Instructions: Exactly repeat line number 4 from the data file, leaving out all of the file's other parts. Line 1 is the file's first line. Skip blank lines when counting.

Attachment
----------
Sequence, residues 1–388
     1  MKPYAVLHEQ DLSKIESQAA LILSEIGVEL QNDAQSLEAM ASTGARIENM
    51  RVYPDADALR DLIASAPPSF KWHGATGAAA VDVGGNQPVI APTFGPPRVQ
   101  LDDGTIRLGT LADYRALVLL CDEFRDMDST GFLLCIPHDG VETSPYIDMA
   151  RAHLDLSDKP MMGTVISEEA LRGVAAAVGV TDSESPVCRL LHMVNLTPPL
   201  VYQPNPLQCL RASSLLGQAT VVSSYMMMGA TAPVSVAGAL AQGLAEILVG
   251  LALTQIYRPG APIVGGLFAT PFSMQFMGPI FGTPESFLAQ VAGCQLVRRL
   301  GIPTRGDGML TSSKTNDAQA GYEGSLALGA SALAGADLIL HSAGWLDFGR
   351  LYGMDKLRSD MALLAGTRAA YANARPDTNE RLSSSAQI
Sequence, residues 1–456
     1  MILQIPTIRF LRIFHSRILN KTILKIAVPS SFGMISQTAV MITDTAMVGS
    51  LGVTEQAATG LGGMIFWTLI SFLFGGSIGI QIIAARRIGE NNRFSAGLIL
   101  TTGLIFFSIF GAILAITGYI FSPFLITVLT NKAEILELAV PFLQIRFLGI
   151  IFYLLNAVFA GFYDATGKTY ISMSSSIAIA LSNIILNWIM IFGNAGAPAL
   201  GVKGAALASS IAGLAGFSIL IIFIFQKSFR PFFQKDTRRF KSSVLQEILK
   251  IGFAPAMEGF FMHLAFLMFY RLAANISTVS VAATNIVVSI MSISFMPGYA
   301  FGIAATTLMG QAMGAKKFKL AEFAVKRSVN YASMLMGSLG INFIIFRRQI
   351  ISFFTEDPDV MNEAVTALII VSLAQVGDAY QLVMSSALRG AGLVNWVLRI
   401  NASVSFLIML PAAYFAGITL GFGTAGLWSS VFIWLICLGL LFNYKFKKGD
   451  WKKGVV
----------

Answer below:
   101  LDDGTIRLGT LADYRALVLL CDEFRDMDST GFLLCIPHDG VETSPYIDMA